An outrageous article calling for animal-rights groups to be excluded from conservation has been published here:
The author of this intemperate rant is well known for his habit of pouring petrol on burning issues and then relishing the consternation he causes.
The article is a lengthy and wordy litany of misleading statements, calculated to support his bizarre conclusion that the only way to save CITES is to kick out all the animal-rights groups. He describes them as follows:
Animal rights groups, however,.. do not support utilisation of wildlife, sustainable or otherwise, and believe they have a right to dictate, from the comfort of their elitist perches in rich countries, what poor countries are entitled to do with their own wildlife. Their policy is one of preservation, not conservation.
First, I and other conservationists, have explained in the past how CITES is a white elephant, a creaking bureaucracy that diverts millions in funds that ought to go to conservation. CITES should be abolished, and replaced with a more effective body which is based upon conservation, not on trade.
The author advances facile arguments such as the following:
In South Africa, about 72% of wildlife ranching revenue comes from hunting, while only 5% comes from eco-tourism, according to Wouter van Hoven of the Centre for Wildlife Management at the University of Pretoria.
Wow! Let me restate his argument in plain simple English: most people who visit hunting farms are hunters. How trite is that?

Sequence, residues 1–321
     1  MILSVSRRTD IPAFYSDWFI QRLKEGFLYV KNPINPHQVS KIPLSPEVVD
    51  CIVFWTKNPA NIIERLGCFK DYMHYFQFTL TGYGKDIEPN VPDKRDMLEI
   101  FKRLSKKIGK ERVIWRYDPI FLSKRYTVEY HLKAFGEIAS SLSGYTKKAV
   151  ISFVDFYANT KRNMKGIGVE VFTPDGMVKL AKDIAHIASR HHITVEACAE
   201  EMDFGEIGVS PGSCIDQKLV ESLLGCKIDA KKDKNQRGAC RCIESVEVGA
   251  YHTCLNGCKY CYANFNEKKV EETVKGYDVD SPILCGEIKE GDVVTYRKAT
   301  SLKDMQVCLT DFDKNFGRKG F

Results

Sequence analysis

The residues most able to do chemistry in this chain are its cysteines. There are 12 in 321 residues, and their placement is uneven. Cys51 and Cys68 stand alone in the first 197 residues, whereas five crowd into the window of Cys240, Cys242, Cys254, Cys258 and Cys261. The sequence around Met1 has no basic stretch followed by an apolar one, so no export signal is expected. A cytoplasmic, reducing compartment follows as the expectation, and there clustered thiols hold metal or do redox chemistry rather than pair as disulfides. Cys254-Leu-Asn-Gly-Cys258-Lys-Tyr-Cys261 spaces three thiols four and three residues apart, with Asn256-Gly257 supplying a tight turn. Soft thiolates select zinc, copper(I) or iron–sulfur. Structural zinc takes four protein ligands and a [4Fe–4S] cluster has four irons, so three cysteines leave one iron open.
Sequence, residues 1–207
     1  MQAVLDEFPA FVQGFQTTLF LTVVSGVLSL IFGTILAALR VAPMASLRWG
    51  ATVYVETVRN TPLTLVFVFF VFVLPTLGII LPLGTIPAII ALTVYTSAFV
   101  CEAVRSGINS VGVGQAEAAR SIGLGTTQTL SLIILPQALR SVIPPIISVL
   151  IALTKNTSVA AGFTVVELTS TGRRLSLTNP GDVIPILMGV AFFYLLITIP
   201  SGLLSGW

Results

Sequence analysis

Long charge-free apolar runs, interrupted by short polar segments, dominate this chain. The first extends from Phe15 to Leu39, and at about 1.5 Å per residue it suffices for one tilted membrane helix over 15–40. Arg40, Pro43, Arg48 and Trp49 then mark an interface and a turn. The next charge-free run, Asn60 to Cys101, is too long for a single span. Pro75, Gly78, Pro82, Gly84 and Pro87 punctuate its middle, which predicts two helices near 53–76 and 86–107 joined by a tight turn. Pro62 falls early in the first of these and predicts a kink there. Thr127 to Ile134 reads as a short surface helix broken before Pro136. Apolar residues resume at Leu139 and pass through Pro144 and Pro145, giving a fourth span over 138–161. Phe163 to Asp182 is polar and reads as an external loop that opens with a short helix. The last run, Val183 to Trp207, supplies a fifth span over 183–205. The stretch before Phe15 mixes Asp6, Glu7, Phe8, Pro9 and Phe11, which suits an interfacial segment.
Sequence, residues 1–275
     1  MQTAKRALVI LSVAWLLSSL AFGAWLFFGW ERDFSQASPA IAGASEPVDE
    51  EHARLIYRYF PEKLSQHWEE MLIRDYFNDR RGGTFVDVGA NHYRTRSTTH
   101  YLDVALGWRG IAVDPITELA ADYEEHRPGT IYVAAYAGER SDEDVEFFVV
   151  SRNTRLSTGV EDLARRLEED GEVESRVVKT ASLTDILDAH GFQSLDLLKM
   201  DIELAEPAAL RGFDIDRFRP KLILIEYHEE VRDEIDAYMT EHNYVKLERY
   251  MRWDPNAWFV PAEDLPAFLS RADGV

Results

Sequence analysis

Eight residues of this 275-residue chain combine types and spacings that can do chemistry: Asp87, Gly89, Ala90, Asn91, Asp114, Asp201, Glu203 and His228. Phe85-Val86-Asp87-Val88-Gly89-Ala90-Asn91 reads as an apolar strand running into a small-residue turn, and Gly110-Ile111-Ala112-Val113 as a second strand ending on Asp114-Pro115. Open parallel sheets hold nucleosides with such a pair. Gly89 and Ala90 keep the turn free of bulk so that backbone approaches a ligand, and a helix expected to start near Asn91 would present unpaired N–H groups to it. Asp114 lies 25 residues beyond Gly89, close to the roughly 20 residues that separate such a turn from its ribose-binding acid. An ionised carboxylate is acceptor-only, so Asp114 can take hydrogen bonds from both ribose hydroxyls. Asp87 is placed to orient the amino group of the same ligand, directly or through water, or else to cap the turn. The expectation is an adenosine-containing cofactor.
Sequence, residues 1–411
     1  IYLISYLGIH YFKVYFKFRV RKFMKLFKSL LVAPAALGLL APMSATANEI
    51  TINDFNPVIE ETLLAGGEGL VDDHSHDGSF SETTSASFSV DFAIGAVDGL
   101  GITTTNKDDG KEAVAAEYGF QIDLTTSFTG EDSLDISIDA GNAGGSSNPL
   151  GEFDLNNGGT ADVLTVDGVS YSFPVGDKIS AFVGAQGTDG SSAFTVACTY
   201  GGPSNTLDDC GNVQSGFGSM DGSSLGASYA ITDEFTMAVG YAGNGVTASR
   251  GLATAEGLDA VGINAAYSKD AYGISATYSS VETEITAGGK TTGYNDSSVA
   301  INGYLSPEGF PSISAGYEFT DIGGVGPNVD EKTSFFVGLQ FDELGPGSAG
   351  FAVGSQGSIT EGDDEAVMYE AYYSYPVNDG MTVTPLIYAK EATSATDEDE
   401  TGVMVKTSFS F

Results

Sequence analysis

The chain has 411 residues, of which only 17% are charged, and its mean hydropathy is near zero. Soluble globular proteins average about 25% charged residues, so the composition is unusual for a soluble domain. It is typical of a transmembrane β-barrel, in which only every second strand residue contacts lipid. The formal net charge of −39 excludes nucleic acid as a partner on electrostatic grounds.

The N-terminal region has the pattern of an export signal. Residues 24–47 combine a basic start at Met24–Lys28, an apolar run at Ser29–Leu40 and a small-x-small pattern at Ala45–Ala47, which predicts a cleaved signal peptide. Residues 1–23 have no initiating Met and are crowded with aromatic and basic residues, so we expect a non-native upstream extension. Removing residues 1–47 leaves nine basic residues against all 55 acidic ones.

His whole theme is that hunting is wonderful conservation and anyone against hunting, such as animal-rights groups, is anti-conservation.
Any intelligent person can see that he has confused the victim with the perpetrator. Conservation should be aimed at preserving natural functioning ecosystems. He reverses that logic, and argues that preservationists are anti-conservation.
He believes fanatically that cramming as many wild animals as possible into a fenced hunting camp and breeding living targets for the hunting industry, is conservation.
It’s not. It is farming with wildlife - not conserving it. He can’t see the difference.
Like all good hunting propagandists, he compares South Africa to Kenya. He says Kenya has lost 85% of its wildlife since it banned hunting in 1977.
From that statistic, he concludes that it was the hunting ban that caused the decline in Kenyan wildlife. In other words, according to him, the only way to save Kenya’s wildlife is to hunt it.
This is such rubbish. The decline in Kenyan wildlife has everything to do with the reckless human population increase from about 4 million at the end of WW2, to nearly 50 million, most of whom have expanded into wilderness areas and decimated the wildlife.
To promote hunting would not solve the problem, it would aggravate it.
To save the CITES treaty, however, will require decisive action.
First, CITES needs to kick out the animal rights groups.
Actually, it is CITES that needs to be kicked out of conservation. And replaced with a proper international conservation body.
This whole article is tendentious nonsense and conservationists should pay it no regard.